Tuesday, January 24, 2012

and our children grow

On a personal level it has been an eventful start to 2012 and most of the events have been difficult. A lot has also been happening in the real world too - here are some of my thoughts...

I've talked about TAG Oil before on this blog and at that time I highlighted their enthusiasm for exploitation of the East Coast, which they recently described as "the Texas of the south", "literally leaking oil and gas". Only the people can stop these exploiters - the government wants them to drill, but they will be stopped. It doesn't matter how many paid trips TAG Oil organise for the locals they will never win. The battlelines on this one are clear and everyone will have to make a decision about where they actually stand - I have faith that they will stand with us in opposition to their plans.

The Archdruid has put a great post up that really made me think about privilege and it relates to the paragraph above too because the decisions we make today ripple into our future.
... To understand the consequences of that awkward fact, it’s important to get past the rhetoric of victimization that fills so much space in discussions of social hierarchy these days. Of course the people at or near the upper end of the pyramid get a much larger share of the proceeds of the system than anybody else, and those at or near the bottom get crumbs; that’s not in question. The point that needs making is that a great many people in between those two extremes also benefit handsomely from the system. When those people criticize the system, their criticisms by and large focus on the barriers that keep them from having as large a share as the rich—not the ones that keep them from having as small a share as the poor, or to phrase things a little differently, that keep their privileged share from being distributed more fairly across the population as a whole.
We are community but we are also individuals and that is where change occurs. Reduction is the consequence of Peak Oil but we must begin to prepare and get used to less. To reduce. And for those of us bought up in western societies that is a difficult point to accept. Yet as JMG says everywhere else people do live with less. Always thought provoking and inspiring is JMG for me. Another writer and person that I hold in high esteem is Matt McCarten and he is writing very well in the NZH
The winners in our society have most of us convinced that they are financially successful because they are academically brighter, make the most of education opportunities and have superior personal qualities. Losers, on the other hand, are the opposite; with the added problems of criminal behaviour, addictions and family conflict.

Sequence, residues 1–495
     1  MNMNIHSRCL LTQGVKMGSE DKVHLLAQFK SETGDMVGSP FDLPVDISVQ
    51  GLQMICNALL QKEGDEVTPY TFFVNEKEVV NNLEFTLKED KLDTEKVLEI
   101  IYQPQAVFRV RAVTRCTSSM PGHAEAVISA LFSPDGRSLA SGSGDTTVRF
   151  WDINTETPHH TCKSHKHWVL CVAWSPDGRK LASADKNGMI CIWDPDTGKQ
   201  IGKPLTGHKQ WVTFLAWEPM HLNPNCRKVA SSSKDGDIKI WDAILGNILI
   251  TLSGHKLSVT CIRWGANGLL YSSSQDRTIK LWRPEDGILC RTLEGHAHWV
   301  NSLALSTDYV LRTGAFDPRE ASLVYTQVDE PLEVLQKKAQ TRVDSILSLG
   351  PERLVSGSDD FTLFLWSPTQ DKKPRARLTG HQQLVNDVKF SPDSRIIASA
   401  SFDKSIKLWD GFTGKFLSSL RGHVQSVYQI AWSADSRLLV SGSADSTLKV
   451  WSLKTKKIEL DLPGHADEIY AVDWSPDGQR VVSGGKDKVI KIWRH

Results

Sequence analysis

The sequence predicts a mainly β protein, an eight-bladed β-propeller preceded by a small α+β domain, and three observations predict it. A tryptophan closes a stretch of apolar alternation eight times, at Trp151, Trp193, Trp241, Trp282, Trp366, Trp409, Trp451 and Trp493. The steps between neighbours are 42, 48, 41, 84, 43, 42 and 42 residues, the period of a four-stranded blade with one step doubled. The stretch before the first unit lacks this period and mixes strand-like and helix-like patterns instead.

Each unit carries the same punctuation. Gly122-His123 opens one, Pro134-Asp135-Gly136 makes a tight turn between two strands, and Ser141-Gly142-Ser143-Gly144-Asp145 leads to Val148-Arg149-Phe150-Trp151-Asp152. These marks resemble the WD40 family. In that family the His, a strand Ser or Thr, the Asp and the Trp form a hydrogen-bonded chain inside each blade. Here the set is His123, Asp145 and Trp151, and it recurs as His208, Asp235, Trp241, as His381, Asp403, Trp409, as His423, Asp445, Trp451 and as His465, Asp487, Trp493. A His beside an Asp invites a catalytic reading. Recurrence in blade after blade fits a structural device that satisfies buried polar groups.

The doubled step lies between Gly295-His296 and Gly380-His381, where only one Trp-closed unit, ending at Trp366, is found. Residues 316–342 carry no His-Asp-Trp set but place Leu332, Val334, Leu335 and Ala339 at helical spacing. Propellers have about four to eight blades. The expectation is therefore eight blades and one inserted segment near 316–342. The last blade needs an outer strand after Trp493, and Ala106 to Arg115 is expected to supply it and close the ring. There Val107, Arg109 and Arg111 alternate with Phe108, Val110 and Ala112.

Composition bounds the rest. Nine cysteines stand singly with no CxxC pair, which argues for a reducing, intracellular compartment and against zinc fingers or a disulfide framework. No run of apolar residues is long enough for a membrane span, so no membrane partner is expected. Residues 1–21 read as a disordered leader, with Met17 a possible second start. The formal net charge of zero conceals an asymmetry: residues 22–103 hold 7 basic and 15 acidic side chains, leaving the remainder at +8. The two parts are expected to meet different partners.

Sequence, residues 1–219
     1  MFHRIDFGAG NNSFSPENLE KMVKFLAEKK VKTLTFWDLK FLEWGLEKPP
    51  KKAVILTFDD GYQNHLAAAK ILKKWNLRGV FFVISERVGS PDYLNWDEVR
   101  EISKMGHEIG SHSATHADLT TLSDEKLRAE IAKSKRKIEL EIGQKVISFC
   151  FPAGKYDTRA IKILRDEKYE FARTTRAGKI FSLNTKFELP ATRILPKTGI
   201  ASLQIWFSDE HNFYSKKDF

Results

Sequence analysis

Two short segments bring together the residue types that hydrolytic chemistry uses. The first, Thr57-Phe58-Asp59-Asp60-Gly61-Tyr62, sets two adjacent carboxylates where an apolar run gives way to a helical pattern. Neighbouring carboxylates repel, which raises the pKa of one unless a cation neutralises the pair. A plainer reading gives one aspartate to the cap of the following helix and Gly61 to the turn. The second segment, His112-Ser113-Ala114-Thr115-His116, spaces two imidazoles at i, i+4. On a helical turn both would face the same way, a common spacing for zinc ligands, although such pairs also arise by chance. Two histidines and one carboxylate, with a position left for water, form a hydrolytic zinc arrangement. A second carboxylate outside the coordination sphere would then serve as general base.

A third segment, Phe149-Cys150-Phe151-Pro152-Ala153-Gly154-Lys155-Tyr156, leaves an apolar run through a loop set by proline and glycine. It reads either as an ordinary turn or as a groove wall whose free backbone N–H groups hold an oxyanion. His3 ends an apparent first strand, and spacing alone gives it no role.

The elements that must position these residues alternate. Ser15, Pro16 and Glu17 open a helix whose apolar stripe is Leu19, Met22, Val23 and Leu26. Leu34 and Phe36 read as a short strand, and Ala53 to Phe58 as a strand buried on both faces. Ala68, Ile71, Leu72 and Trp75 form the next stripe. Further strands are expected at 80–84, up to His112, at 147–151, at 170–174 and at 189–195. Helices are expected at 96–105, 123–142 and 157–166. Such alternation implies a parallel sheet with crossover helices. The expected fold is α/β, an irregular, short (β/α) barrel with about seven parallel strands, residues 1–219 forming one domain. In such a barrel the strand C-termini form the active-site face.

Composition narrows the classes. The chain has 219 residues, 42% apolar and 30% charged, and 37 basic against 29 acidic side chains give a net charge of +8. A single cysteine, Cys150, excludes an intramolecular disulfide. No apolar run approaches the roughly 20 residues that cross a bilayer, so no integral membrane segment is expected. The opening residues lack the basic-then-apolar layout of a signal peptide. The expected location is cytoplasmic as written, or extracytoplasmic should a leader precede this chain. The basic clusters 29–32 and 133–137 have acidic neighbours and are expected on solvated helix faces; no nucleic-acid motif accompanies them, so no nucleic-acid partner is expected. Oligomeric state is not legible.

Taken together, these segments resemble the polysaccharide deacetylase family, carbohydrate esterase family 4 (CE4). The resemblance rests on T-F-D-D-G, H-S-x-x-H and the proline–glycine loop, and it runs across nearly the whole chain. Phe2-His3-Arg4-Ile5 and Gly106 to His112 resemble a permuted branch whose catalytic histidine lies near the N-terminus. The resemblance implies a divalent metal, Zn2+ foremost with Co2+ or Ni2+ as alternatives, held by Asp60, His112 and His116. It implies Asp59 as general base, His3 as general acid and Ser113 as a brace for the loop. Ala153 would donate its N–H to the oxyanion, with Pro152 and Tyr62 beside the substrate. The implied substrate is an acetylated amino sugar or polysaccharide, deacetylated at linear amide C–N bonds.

But a major academic study that has tracked more than 1300 individuals was released this week. Children born to rich parents have a better chance in life to be happier, healthier and wealthier then those kids from poor backgrounds.
The mythology surrounding the poor is designed to perpetuate poorness.We must stand up for equality each and every time and I am pleased that the Mana Party are focusing on the poor. I see a real alignment with tino rangatiratanga in that approach. And great to see Hone and the Mana Party come out in support of the workers involved in the port dispute. The Standard has lots of posts on the dispute and well worth a read for the facts.

A brilliant article called 'The Exclusive Economic Zone: for sale' by Claire Browning
It says that if what you find out there in the EEZ is worth enough, it’s all for sale. What the Bill does is state its price. It does not set in place any bottom line – any fence, if you like, against risk of environmental destruction.
It is the Schedule 4 policy leftovers warmed up, in a more remote place, where the government hopes we will neither notice nor care.
Our environment is in serious danger and the government has opened the gate for the predators. They respect nothing except profit and they will try to eat us. That is what they do - they eat and shit money. But we can stop them, people can stop them and we will! Part of the way we can do it is communication and consultation - spreading the word, talking about it. Community is the answer but as I've noted earlier we, as individuals, must decide where we stand, what we believe in and what we love. It is not our place to exploit and desecrate Papatūānuku, Mother Earth - it has never been our place, yet here we are, today. And our children grow.

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